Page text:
“Wealth gained hastily will dwindle, but whoever gathers little by little will increase it” (Proverbs 13:11).
In her article, “Gaming the Poor,” Barbara Dafoe Whitehead hits the jackpot in exposing the predatory tactics of gambling sellers in bed with state governments:
In a referendum in November, voters approved as many as seven new casinos to join New York State’s existing nine gambling facilities. And New York is hardly alone. In recent years, 23 other states have legalized and licensed commercial (as opposed to Native American) gambling facilities. In the casino-dense Northeast and mid-Atlantic regions, where 26 casinos have opened since 2004 and at least a dozen more are under development, most adults now live within a short drive of one.
Not surprisingly, the closer casinos come to where people live, the more likely people are to gamble at one. As casinos have spread into de-industrialized cities, dying resorts and gritty urban areas, the rate of gambling participation has grown among lower-income groups. . . .
A research team from the University at Buffalo and SUNY Buffalo State has conducted studies that offer new evidence of the exploitative effects of casino gambling on lower-income Americans. For example, the researchers found that the rates of casino gambling participation and frequency of visits have increased among lower-income groups. Easy access to casinos is a key factor. Living within 10 miles of one or more casinos more than doubles the rate of problems from excessive gambling. Another factor is easy access to slot-machine gambling. Women and the elderly have become more likely to gamble in recent years, partly because of a preference for nonskill slot-machine gambling.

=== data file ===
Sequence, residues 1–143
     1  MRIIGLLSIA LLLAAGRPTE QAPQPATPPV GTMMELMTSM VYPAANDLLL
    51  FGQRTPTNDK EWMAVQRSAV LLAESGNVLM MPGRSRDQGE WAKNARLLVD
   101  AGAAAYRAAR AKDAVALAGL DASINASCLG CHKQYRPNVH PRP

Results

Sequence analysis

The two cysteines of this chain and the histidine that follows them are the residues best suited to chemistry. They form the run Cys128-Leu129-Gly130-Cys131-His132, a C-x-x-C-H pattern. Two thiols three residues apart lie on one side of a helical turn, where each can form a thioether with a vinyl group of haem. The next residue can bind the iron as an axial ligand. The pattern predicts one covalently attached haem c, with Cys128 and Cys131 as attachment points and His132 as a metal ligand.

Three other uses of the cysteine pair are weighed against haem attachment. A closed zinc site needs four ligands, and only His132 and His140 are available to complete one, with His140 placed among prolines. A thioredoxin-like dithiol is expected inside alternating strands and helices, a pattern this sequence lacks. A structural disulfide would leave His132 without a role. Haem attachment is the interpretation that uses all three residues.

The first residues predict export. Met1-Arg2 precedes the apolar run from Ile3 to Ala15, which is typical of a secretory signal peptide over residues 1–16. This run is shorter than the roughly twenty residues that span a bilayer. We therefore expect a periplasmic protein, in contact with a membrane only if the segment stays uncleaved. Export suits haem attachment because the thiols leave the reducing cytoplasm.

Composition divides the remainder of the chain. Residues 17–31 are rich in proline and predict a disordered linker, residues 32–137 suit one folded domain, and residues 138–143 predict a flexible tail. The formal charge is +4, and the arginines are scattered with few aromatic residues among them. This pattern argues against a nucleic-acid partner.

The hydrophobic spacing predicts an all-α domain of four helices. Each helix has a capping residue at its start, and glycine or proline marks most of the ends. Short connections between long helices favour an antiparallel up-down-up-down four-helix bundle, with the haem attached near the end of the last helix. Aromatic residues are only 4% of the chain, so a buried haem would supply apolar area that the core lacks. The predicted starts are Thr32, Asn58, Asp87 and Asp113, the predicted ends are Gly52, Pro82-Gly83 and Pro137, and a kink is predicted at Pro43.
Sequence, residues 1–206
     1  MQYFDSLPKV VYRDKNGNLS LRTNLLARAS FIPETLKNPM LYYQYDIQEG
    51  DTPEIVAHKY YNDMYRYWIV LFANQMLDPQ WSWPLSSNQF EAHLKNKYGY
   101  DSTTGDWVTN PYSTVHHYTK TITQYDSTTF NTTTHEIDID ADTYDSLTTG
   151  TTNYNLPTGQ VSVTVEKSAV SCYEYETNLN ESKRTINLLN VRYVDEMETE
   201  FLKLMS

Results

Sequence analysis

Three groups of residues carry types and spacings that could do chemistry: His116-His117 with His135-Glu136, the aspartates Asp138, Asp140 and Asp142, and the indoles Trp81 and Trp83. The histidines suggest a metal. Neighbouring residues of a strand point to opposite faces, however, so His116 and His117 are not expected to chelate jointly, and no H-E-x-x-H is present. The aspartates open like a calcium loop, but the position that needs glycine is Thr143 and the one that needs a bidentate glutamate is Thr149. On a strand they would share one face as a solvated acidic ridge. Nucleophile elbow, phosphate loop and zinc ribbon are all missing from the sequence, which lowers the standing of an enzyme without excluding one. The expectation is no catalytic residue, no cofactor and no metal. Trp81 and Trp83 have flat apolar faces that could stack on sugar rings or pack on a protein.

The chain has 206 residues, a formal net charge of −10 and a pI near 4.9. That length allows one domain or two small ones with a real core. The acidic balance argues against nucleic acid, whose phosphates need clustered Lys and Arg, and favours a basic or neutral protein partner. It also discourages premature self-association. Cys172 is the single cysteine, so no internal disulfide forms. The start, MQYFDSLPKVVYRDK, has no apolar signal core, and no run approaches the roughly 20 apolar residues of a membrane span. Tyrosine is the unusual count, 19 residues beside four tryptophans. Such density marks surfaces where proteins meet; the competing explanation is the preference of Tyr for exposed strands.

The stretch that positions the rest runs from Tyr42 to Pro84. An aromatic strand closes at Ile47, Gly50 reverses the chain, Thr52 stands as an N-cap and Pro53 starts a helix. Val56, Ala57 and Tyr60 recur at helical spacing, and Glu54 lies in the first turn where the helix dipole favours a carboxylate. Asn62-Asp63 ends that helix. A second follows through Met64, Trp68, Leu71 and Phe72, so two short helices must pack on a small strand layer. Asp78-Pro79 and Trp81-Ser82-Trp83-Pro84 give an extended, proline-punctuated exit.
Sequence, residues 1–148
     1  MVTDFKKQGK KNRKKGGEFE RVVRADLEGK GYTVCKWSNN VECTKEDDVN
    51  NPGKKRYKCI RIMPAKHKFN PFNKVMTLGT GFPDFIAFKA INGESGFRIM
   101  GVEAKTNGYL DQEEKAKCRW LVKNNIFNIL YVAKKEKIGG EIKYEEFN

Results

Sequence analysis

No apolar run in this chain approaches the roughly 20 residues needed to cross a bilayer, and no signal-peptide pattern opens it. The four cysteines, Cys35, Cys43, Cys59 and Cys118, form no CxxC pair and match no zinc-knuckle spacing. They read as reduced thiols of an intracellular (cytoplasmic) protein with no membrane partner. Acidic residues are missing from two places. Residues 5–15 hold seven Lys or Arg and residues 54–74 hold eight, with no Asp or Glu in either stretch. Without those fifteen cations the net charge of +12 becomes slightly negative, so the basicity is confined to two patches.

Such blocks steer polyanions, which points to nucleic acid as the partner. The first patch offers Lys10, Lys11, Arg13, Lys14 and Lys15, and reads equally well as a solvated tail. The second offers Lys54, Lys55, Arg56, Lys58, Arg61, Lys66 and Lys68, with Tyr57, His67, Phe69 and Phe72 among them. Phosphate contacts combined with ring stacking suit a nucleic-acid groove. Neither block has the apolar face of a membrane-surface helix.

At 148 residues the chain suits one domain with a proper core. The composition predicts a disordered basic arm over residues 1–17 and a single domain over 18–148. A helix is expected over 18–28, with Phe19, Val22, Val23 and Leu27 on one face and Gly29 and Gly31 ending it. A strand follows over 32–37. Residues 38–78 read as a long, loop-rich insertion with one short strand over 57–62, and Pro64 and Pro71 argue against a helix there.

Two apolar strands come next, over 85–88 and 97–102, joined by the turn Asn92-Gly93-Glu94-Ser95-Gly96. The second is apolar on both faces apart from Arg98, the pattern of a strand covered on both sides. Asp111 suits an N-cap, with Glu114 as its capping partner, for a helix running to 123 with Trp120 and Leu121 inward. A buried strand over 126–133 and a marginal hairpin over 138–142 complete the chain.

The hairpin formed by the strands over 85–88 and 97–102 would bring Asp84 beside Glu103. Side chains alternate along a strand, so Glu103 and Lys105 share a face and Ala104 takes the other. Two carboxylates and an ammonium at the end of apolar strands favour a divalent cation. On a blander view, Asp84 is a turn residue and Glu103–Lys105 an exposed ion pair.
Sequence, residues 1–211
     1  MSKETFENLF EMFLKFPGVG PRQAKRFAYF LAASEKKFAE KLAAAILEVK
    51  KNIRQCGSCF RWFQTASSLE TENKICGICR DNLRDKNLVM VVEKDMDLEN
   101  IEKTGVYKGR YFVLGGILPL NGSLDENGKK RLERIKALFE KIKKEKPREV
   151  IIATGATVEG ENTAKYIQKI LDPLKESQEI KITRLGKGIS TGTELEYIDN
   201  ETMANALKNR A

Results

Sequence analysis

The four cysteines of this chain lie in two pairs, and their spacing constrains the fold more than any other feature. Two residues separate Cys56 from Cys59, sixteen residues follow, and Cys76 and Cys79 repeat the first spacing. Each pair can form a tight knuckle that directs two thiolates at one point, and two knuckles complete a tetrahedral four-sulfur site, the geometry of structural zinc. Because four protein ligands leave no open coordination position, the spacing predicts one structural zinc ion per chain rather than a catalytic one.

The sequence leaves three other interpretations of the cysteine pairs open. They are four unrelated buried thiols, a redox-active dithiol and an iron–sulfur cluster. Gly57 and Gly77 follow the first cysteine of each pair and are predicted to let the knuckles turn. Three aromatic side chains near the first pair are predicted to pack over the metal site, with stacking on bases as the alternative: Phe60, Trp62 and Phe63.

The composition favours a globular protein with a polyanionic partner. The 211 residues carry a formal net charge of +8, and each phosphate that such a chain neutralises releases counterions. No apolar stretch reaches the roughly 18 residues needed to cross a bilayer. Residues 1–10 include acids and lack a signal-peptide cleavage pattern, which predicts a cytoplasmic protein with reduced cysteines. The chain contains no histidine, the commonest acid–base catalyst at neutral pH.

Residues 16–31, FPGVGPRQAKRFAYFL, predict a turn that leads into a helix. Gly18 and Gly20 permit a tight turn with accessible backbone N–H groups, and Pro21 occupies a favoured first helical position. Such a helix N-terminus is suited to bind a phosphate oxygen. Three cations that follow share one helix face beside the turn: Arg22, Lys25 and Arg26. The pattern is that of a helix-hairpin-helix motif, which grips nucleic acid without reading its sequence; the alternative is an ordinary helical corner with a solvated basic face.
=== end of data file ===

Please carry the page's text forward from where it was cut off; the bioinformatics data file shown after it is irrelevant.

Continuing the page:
The casinos’ method is to induce low-income gamblers to make a huge number of small bets per visit, to visit the casino several times per month, or even per week, and to sustain this pattern over a period of years. The key to executing this method is the slot machine.
Most regional casinos are essentially slot parlors. Slot machines are nowadays sophisticated computerized devices engineered to produce continuous and repeat betting, and programmed by high-tech experts to encourage gamblers to make multiple bets simultaneously by tapping buttons on the console as fast as their fingers can fly. Natasha Dow Schüll, an anthropologist at the Massachusetts Institute of Technology who has written the definitive work on gambling-machine design, notes that as gamblers deepen their immersion, they become less interested in winning itself than in simply continuing to play. . . .
The goal, though, is not to clean out the gambler in a single visit; it’s to provide an experience that will induce the gambler to prolong the time spent on the device. The slots achieve this by carefully regulating the rhythm, tempo and sound ambience of the play, while doling out occasional small wins even as the players’ losses slowly increase.
One way these computerized pickpockets milk their customers is by generating “near misses,” whereby the spinning symbols on the machine stop just above or below the winning payline. The feeling of having come oh so close to a win prompts further play. . . .
You can read Whitehead’s entire article here: